Objective

The aim of the current study was to evaluate the concentration changes of heavy metals (lead, cadmium, chromium, and zinc) in used water at different stages of seven dialysis instruments and determine the role of RO membrane in the mentioned changes.


   Materials and Methods Top


This work was a descriptive analytical study that was conducted in winter 2016. First, seven hospitals, including Imam Reza (Kermanshah), Hazrat Rasool (Javanrood), Shohada (Harsin), Moaven–ol-Malek (Sahneh), Imam Khomeini (Sonqor), Dr. Chamran (Kengavar), Imam Khomeini (Kermanshah), and Qodes (Paveh), which had dialysis instruments for HD patients, were selected in Kermanshah Province. For the sampling, 2 samples of feed water of the RO system (raw water), 2 samples of permeated water of the RO (feed water of the dialysis instrument), and 2 samples of condensed permeated water of the dialysis instrument were collected on two different days. In order for the samples to represent actual samples from the feed water of dialysis instrument, sampling days were randomly selected without prior arrangement with the hospitals. According to the repeated three times of experiments, in total, 126 samples (stored in 2-L plastic containers) of lead, cadmium, chromium, and zinc were measured using inductively coupled plasma (ICP) system (model DV-Optima 2100). Given that the samples were collected from the outlet of the RO system, it was not required to prepare the samples for injection into ICP. According to the Instructions of Standard Methods for the Examination of Water and Wastewater to save the samples, 5 ml of concentrated nitric acid was added and the pH value was reduced to <2.[15] It should be noted that the pressure of RO (constructed of polyamide) used for water purification in the dialysis instrument at all the hospitals was between 200 and 250 patient safety indicators. To comply with the research ethics, the names of the hospitals and parameters were remained confidential.

To compare the mean concentrations measured by standard the AAMI, one-sample t-test at the significance level of α = 0.05 was used and role of the RO system in decreasing heavy metals was studied using paired t-test in SPSS software (version 16, SPSS Inc., Chicago, Delaware).


   Results Top


Results showed that the mean concentration of each of the considered metals with a significant difference was less than the standard announced by the AAMI (P < 0.05) [Table 1]. In terms of the performance of RO system, results of the statistical paired t-test indicated that the RO system not only failed to reduce the concentration of lead and cadmium (P > 0.05) but also slightly increased the level of these two metals in the permeated water of RO system. However, this issue was reversed in the case of chromium and zinc (P < 0.05) [Table 2] and [Table 3]. [Figure 1],[Figure 2],[Figure 3],[Figure 4] show the trend changes of the considered metals in feed water of RO system and feed and permeated water of the dialysis instrument. Efficiency of RO membrane before the dialysis instrument in the removal of zinc and chromium was 61.5 and 2.1%, respectively; however, this system was not effective in terms of removing lead and cadmium metals [Figure 5].
Table 1: Descriptive statistical parameters of the considered heavy metals in the raw feed water in reverse osmosis systems of the dialysis instruments at the hospitals of Kermanshah Province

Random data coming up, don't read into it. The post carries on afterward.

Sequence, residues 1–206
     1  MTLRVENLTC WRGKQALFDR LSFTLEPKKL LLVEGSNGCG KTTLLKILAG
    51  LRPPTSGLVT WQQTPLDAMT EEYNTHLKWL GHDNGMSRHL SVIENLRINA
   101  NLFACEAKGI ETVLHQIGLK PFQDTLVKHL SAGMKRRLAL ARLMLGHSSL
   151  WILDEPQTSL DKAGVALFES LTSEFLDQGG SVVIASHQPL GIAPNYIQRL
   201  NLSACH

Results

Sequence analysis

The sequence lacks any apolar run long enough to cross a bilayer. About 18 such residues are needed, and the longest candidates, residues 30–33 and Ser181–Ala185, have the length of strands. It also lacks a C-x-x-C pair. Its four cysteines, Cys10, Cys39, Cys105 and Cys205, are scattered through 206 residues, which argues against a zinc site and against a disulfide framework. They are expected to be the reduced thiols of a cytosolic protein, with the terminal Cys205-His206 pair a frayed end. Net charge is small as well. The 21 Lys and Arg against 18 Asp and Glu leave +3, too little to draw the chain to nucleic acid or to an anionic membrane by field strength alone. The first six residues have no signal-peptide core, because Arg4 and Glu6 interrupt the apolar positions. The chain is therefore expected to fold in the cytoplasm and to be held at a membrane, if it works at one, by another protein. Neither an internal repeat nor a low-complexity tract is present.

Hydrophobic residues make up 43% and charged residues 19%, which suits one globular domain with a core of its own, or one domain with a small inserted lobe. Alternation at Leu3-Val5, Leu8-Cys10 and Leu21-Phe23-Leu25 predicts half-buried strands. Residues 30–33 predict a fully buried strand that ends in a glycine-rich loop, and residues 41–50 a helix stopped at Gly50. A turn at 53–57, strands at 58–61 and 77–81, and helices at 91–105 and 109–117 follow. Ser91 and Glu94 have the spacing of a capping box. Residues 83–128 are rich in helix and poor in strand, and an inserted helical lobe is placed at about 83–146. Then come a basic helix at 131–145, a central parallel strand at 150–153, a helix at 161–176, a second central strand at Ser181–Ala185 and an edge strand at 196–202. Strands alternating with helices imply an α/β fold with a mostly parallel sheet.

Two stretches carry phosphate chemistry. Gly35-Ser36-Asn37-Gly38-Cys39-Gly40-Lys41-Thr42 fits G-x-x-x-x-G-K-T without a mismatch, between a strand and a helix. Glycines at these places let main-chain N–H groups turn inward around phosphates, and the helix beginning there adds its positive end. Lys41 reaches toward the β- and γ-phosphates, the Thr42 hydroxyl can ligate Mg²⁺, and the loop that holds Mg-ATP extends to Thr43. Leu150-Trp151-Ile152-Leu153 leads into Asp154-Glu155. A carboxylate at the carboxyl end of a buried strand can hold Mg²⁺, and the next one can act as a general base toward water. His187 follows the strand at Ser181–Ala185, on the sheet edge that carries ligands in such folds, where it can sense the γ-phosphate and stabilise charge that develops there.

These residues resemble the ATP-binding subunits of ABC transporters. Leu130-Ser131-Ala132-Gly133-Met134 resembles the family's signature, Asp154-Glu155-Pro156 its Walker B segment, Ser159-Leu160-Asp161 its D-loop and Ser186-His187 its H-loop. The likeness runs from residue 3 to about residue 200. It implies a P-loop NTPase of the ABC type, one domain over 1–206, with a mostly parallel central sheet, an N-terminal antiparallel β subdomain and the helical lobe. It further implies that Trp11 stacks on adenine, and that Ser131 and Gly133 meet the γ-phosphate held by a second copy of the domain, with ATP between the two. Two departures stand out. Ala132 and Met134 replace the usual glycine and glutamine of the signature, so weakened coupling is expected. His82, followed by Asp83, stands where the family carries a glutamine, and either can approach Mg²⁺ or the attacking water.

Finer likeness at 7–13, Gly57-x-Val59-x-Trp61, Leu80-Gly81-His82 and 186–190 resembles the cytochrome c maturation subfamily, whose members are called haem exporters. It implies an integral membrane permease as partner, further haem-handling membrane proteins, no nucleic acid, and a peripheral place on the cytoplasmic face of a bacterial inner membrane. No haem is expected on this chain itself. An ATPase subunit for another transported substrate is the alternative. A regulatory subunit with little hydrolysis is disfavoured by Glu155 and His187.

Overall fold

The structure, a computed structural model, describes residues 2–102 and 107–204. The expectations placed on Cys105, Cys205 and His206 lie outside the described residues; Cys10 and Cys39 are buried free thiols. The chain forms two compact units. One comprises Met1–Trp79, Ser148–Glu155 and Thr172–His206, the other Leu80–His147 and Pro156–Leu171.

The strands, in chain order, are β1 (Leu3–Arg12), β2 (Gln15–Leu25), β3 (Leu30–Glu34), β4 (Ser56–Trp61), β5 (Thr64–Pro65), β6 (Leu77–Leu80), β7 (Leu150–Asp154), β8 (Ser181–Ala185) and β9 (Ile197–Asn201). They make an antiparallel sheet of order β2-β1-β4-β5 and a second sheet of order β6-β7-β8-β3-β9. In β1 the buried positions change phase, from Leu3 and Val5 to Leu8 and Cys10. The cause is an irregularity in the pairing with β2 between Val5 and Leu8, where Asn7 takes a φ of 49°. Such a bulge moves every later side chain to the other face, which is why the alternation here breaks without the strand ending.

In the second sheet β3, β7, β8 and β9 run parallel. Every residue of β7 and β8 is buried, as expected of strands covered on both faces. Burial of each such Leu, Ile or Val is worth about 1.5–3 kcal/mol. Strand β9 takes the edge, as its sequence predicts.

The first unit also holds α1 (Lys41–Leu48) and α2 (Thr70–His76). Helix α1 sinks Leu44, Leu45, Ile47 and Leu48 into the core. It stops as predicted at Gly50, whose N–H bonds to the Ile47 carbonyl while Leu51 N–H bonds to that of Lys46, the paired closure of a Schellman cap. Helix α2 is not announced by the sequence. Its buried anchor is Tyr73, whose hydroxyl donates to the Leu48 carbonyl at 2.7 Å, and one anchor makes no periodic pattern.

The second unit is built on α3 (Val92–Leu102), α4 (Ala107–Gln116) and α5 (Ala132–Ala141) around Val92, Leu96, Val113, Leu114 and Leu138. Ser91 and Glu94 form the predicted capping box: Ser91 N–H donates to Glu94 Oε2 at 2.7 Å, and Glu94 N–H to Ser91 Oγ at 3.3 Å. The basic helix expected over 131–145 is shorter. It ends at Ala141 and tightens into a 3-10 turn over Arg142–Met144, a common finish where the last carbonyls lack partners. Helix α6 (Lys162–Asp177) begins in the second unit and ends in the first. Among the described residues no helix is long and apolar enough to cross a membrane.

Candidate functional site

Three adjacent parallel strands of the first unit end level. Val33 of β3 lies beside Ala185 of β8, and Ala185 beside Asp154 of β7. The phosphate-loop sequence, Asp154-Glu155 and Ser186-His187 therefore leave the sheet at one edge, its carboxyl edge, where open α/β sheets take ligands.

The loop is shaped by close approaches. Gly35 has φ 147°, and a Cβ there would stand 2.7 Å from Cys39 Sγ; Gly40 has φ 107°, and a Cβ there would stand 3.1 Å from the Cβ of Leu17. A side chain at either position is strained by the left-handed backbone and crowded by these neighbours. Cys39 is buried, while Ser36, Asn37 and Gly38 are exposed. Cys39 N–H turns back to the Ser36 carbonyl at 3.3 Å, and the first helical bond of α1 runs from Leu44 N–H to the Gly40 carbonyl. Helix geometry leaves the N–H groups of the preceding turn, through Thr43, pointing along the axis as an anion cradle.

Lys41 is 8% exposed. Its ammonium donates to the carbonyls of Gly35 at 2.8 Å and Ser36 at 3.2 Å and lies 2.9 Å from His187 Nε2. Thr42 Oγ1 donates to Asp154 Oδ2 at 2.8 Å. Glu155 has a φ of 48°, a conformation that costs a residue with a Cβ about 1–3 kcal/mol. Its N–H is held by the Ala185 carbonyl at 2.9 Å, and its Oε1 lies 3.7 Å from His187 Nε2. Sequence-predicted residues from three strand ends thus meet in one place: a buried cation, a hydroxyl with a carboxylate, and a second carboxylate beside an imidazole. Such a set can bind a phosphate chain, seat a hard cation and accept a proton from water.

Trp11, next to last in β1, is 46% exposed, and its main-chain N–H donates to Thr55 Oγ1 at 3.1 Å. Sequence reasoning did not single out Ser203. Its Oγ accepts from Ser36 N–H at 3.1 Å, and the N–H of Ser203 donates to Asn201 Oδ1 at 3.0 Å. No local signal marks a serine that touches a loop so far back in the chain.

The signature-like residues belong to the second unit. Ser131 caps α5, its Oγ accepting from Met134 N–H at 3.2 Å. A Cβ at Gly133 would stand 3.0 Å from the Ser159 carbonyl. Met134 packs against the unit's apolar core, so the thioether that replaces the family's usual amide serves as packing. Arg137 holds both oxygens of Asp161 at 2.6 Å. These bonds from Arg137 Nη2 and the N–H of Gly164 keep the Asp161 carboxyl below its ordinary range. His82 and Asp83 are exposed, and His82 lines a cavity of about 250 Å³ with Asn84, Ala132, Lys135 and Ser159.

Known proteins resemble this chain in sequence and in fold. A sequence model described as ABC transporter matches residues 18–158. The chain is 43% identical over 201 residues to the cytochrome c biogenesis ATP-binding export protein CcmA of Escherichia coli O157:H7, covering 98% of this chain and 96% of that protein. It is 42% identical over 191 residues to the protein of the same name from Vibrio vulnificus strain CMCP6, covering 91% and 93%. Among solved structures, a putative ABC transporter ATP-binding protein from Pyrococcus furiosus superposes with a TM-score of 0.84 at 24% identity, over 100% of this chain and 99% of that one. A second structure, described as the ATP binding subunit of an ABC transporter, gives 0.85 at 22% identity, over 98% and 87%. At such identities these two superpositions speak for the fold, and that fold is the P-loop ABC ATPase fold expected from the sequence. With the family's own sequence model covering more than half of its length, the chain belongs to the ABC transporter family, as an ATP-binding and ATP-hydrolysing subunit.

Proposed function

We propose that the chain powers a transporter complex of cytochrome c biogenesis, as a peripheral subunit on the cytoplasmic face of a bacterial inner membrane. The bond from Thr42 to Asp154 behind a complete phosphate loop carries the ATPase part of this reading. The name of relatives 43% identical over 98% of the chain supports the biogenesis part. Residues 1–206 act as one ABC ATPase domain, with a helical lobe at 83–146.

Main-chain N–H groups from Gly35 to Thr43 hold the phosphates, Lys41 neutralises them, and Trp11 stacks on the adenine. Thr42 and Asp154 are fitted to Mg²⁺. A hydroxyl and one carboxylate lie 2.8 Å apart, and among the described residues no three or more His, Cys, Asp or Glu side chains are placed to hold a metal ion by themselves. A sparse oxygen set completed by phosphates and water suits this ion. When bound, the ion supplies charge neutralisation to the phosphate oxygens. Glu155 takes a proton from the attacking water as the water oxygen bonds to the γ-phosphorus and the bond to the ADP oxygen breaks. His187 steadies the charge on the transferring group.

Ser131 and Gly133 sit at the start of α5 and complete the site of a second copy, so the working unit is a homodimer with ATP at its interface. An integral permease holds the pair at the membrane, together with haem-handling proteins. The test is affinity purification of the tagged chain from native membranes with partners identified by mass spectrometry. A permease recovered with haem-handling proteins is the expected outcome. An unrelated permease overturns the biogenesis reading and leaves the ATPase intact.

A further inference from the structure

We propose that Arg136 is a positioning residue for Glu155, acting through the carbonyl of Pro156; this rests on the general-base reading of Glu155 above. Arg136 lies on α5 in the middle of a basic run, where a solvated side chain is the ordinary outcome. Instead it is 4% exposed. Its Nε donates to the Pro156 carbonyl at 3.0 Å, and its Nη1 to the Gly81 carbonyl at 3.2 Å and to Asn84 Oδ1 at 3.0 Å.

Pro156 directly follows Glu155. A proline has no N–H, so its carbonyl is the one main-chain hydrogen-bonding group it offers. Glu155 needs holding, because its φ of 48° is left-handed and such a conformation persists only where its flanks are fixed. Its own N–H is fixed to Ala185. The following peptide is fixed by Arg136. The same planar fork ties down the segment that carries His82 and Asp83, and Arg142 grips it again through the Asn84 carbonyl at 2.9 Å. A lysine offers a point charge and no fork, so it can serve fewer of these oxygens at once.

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Table 2: Descriptive statistical parameters of the considered metals in the permeated water of reverse osmosis (feed water of the dialysis instrument) at hospitals of Kermanshah Province

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Table 3: Descriptive statistical parameters of the considered metals in the permeated water of the dialysis instrument of hospitals of Kermanshah Province

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Figure 1: Trend zinc in the water entering the reverse osmosis and inlet and outlet water of the dialysis systems. F.W of RO = Feed Water of Reverse Osmosis, P.W of RO = Permeated Water of Reverse Osmosis, P.W of RO = Permeated Water of Dialysis Instrument

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Figure 2: Trend cadmium in the water entering the reverse osmosis and inlet and outlet water of the dialysis system

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Figure 3: Trend of chromium in the water entering the reverse osmosis and inlet and outlet water of the dialysis systems

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Figure 4: Trend of lead in the water entering the reverse osmosis and inlet and outlet water of the dialysis systems

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Figure 5: Performance average of reverse osmosis membrane of studied dialysis systems in removal of heavy metals

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   Discussion Top


Results showed that the concentrations of each of the considered metals in the three types of samples (feed water of RO, permeated water of RO [feed water of the dialysis instrument], and permeated water of electrodialysis) had different trends. Lead and cadmium concentrations increased and chromium concentration was not significantly reduced after the reverse osmosis system (about 2.1% removal).

The first reason may be that after sometime, metals would be gradually accumulated on semipermeable membrane pore system because of concentration gradient and osmotic pressure. Furthermore, when raw water is pumped toward the membrane, metals may be moved to another side of the membrane. As a result, accumulated metals may be added to the permeated water of RO system,[16],[17] which may indicate that the membrane is durable and the number of dialysis and volume of water passing through the device increase over time and result in the replacement requirement of the membrane system. The second possible reason could be related to the RO system's dialysis instruments which have nonselective membranes and high efficiency in removing the dissolved minerals. As a result, water pH tends to acidification, which would be effective in the corrosion of metal equipment such as pipes transmitting water to HD instrument. If these equipment have high impurity metal alloys, some metals may be added to the used water.[18],[19] The study by Baseri et al.[20] indicated that the mean pH of feed water to the RO system of dialysis instrument was decreased from 7.6 ± 0.24–6.78 ± 0.19. Alizadeh et al.[21] showed that the pH of permeated water of the RO system toward the feed water of dialysis instrument was decreased at the hospitals of Zahedan University of Medical Sciences. Asadzadeh et al.[22] reported that pH of the permeated water of the RO system of dialysis instrument at Bahman Hospital of Gonabad decreased to 5.1.